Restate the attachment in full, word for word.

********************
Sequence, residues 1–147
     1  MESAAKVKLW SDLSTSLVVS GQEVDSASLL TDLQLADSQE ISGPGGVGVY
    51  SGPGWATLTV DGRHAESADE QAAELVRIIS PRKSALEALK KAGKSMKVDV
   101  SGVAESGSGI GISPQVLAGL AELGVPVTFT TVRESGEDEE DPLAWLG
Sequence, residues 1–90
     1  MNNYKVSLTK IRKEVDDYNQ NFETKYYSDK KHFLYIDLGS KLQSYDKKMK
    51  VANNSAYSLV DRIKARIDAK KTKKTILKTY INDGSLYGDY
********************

Sequence, residues 1–147
     1  MESAAKVKLW SDLSTSLVVS GQEVDSASLL TDLQLADSQE ISGPGGVGVY
    51  SGPGWATLTV DGRHAESADE QAAELVRIIS PRKSALEALK KAGKSMKVDV
   101  SGVAESGSGI GISPQVLAGL AELGVPVTFT TVRESGEDEE DPLAWLG
Sequence, residues 1–90
     1  MNNYKVSLTK IRKEVDDYNQ NFETKYYSDK KHFLYIDLGS KLQSYDKKMK
    51  VANNSAYSLV DRIKARIDAK KTKKTILKTY INDGSLYGDY